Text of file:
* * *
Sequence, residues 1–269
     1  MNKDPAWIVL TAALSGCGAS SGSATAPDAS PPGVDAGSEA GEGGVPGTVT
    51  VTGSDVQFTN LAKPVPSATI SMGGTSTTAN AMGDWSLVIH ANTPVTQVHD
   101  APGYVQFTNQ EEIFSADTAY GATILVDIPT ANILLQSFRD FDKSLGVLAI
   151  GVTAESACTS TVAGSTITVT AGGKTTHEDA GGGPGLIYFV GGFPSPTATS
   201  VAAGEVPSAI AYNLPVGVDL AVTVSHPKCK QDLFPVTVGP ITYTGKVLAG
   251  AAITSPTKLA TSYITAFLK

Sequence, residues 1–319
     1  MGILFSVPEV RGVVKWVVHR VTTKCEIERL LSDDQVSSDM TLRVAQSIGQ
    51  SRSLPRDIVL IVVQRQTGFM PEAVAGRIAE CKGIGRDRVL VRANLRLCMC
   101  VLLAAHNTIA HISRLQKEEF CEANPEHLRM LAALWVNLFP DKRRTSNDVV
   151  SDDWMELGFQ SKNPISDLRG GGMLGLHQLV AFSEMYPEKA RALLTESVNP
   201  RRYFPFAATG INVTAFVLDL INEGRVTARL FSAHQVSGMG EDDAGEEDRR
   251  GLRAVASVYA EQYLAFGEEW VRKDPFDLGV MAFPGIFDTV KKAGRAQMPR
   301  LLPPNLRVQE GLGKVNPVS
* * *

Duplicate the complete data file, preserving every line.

Sequence, residues 1–269
     1  MNKDPAWIVL TAALSGCGAS SGSATAPDAS PPGVDAGSEA GEGGVPGTVT
    51  VTGSDVQFTN LAKPVPSATI SMGGTSTTAN AMGDWSLVIH ANTPVTQVHD
   101  APGYVQFTNQ EEIFSADTAY GATILVDIPT ANILLQSFRD FDKSLGVLAI
   151  GVTAESACTS TVAGSTITVT AGGKTTHEDA GGGPGLIYFV GGFPSPTATS
   201  VAAGEVPSAI AYNLPVGVDL AVTVSHPKCK QDLFPVTVGP ITYTGKVLAG
   251  AAITSPTKLA TSYITAFLK

Sequence, residues 1–319
     1  MGILFSVPEV RGVVKWVVHR VTTKCEIERL LSDDQVSSDM TLRVAQSIGQ
    51  SRSLPRDIVL IVVQRQTGFM PEAVAGRIAE CKGIGRDRVL VRANLRLCMC
   101  VLLAAHNTIA HISRLQKEEF CEANPEHLRM LAALWVNLFP DKRRTSNDVV
   151  SDDWMELGFQ SKNPISDLRG GGMLGLHQLV AFSEMYPEKA RALLTESVNP
   201  RRYFPFAATG INVTAFVLDL INEGRVTARL FSAHQVSGMG EDDAGEEDRR
   251  GLRAVASVYA EQYLAFGEEW VRKDPFDLGV MAFPGIFDTV KKAGRAQMPR
   301  LLPPNLRVQE GLGKVNPVS